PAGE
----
The real problem though was the matter of charging interest on the receipts. An example should help to illustrate. Let’s say that there are two bankers in a city who provide loans of gold receipts or money. They both agree to honour the receipts with gold when someone wants to redeem a receipt. The bankers figure out that they only need to keep a fraction of the actual amount of gold that they hold in reserve as not everyone will try to redeem their receipts at once. They work out that the ratio of gold to receipts is one to ten.
So, if Mr. Smith the goldsmith has 50 pounds of gold in reserve, he will issue 50 pounds in receipts initially to the depositor(s) of gold. But because the depositor(s) will not redeem the receipts immediately all at once, he lends out another 450 pounds in receipts to various borrowers. This brings the total amount of receipts that Mr. Smith has issued to 500 pounds of receipts.
Similarly, Ms. Banks has 50 pounds of gold on deposit for which she issues receipt(s), and lends out another 450 pounds of receipts bringing the total amount of receipts that she has issued to 500 pounds of receipts.
So the total amount of receipts issued now from both banks is 1000 pounds of receipts. Lets say that the loans issued had to be paid back within one year. As long as the borrowers all pay back their loans within that year and the original depositors don’t look for their gold back within that year, everything should be fine. There is 1000 pounds of receipts in circulation and the various borrowers should be able to earn enough receipts to pay back their loans.
However the problem is that both Mr. Smith and Ms. Banks have charged 10% interest on the loans that they issued. There are 900 pounds worth of loans, requiring that 990 pounds be paid back (900 pounds of principal plus 90 pounds of interest). Lets not forget, that there were also 100 pounds of deposits (between the two banks). So, by the end of the year, if the loans are to be paid back in full with interest and the depositors also redeem their gold deposits, 1090 pounds have to be returned to the banks. But there is only 1000 pounds in circulation so unless somebody mines another 90 pounds of gold some borrowers will have to default on their loans and thereby loose their collateral and have their homes or land re-possesed.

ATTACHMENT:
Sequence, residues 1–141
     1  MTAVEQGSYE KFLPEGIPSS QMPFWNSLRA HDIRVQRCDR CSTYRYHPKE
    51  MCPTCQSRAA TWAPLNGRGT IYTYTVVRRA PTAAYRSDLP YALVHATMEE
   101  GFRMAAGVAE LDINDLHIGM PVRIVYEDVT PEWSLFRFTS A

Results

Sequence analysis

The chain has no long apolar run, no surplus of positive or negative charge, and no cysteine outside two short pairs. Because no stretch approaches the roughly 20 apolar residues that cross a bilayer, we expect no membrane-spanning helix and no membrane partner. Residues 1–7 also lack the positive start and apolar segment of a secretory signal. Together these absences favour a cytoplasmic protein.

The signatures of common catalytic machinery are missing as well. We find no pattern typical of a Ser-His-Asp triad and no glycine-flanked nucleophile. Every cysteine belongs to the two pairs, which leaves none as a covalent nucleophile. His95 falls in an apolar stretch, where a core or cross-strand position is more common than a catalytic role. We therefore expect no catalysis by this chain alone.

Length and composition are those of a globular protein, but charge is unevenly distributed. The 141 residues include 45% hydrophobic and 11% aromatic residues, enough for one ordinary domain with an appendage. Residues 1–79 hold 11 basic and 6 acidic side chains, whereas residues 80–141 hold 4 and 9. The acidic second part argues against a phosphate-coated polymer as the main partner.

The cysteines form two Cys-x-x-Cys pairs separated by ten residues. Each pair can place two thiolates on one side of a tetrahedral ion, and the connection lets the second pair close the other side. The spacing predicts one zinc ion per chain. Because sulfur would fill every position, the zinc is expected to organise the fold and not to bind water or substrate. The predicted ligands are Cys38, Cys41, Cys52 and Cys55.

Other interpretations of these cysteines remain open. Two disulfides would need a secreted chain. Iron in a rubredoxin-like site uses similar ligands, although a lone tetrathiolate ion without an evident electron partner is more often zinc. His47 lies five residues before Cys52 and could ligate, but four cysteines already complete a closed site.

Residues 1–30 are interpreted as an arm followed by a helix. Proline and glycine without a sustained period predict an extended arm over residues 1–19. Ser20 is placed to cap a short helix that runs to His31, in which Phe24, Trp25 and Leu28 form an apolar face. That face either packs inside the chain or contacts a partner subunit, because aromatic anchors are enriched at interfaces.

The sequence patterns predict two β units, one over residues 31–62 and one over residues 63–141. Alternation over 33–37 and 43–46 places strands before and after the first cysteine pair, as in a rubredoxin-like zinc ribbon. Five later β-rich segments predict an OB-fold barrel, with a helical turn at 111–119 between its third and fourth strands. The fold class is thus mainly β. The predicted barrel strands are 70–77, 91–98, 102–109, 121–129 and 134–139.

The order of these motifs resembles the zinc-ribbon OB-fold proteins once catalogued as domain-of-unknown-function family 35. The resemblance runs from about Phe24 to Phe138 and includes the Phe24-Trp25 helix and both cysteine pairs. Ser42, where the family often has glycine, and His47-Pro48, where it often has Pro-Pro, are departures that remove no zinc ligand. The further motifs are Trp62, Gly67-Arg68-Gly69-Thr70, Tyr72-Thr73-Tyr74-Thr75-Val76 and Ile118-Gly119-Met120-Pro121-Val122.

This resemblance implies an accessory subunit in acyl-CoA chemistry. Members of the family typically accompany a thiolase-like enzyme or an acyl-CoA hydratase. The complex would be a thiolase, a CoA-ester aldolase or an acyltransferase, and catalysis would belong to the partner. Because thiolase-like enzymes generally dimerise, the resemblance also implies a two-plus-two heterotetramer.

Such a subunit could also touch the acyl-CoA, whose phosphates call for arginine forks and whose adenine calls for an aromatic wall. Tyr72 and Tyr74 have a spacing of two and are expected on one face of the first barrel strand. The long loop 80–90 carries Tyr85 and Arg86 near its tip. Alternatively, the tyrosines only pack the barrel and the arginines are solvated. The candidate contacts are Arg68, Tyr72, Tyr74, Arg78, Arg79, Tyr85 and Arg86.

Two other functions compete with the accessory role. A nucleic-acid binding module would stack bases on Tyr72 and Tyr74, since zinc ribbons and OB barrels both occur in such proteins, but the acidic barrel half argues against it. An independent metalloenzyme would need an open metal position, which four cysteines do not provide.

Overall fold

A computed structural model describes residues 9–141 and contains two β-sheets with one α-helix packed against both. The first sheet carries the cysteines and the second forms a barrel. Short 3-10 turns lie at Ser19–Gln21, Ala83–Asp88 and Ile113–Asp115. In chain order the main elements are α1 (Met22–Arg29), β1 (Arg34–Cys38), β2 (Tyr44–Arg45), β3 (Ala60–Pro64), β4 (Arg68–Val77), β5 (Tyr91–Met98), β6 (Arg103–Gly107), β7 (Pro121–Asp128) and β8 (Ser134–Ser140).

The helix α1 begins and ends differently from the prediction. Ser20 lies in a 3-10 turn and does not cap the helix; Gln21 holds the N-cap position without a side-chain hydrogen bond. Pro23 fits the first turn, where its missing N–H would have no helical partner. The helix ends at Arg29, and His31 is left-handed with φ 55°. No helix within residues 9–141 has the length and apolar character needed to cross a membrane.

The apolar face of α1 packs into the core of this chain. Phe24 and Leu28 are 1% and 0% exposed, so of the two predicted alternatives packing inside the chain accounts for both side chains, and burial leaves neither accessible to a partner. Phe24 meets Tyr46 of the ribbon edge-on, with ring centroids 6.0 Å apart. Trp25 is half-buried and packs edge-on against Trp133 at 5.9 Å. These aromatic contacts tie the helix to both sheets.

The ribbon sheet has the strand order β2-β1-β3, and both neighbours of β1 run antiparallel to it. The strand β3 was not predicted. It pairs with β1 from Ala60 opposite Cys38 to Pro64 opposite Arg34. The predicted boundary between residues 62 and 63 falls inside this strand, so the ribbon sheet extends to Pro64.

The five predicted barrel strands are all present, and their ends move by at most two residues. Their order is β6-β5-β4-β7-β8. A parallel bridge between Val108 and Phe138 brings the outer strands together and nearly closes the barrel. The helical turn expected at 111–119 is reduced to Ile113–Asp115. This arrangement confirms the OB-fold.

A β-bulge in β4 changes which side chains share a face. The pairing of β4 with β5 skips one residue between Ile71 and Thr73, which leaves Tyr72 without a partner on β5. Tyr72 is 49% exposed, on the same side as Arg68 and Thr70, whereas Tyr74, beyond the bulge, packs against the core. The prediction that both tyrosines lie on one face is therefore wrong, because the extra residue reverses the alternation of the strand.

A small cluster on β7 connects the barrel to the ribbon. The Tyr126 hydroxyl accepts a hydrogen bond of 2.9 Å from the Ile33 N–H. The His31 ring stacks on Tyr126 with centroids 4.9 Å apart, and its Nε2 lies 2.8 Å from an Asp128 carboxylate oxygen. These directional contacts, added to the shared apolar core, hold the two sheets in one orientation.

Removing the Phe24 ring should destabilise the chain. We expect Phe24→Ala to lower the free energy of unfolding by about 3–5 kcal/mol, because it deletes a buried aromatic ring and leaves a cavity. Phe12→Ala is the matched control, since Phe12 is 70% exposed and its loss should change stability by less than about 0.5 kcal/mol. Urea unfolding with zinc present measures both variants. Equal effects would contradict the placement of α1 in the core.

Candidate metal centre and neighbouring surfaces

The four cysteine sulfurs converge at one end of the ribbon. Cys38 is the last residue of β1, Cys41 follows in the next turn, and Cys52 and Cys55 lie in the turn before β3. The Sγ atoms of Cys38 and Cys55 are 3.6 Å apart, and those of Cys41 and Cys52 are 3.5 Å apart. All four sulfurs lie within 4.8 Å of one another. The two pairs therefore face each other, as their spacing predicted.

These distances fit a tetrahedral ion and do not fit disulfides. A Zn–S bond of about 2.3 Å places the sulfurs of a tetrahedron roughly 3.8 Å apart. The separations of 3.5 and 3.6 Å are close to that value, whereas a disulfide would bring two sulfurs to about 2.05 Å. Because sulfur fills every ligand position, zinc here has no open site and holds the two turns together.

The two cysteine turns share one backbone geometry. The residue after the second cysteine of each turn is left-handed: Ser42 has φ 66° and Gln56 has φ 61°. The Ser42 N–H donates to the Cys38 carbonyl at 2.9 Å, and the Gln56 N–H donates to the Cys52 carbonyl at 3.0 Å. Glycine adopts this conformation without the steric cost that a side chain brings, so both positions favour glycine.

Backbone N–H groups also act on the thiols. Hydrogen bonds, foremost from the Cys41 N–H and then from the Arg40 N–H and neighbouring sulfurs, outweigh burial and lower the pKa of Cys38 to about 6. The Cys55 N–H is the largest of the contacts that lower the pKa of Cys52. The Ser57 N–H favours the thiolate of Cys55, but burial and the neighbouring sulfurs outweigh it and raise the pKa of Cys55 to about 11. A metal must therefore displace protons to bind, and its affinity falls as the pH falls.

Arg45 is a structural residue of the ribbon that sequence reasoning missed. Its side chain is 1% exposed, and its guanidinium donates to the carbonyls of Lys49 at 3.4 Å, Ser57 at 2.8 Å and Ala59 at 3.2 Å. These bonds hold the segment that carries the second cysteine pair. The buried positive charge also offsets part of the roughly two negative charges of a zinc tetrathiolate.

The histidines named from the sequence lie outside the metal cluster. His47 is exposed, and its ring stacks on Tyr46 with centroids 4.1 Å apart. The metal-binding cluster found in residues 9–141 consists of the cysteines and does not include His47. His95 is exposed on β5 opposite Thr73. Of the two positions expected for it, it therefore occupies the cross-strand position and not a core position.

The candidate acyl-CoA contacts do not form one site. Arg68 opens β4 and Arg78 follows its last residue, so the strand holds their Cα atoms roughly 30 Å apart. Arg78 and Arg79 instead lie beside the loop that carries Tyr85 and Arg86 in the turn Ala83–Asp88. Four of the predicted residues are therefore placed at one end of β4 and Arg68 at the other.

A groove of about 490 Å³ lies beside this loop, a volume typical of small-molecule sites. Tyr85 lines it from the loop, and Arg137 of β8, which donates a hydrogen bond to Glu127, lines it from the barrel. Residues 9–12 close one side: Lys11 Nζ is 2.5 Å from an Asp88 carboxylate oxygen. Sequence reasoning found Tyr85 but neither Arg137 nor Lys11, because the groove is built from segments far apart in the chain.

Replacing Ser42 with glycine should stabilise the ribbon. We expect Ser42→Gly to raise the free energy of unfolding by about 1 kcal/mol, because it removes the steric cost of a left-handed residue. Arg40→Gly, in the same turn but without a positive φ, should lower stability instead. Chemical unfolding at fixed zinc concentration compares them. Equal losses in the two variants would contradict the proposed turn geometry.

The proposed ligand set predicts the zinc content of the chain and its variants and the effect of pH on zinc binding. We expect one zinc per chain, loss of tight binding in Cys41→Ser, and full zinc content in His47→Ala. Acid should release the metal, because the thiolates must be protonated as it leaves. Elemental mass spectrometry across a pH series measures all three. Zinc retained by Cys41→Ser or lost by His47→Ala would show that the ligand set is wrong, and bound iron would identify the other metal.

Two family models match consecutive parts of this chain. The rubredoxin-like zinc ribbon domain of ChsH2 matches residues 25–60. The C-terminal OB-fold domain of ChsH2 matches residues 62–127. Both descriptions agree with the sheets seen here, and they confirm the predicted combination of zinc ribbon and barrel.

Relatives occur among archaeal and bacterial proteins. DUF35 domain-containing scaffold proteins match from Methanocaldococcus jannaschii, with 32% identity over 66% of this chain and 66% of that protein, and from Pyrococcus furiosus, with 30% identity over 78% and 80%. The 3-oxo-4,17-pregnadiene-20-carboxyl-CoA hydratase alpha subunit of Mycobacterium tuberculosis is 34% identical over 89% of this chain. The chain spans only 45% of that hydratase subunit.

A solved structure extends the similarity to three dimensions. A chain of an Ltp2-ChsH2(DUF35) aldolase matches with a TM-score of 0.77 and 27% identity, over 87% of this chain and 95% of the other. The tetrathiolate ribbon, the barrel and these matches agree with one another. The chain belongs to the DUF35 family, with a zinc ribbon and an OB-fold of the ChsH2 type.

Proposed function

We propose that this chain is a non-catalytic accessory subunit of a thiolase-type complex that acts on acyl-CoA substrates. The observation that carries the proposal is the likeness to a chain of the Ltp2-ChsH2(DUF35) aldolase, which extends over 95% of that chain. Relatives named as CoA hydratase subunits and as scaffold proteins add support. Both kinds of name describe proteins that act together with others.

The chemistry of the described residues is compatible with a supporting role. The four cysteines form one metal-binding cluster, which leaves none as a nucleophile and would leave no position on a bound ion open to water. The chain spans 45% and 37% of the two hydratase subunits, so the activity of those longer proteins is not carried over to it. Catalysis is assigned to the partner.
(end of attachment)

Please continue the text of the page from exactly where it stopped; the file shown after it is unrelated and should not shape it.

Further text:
The modern banking system is far more complicated by the fact that money is no longer backed by gold and fractional reserve requirements are often lower than one to ten, of money on deposit to money loaned out. The musical chairs analogy is very appropriate. When the music stops playing or lending stops for some reason, somebody is going to end up without a chair to sit on. Somebody is going to loose their collateral in the form of their house or land. This is nothing to do with their trust worthiness, credit history or ability to earn money. It has nothing to do with a mortgage being 100% or more of the value of their house. There simply is not enough money in circulation to pay back all loans and the interest charged on them.
Not a very fair or sustainable proposition, I think you must agree.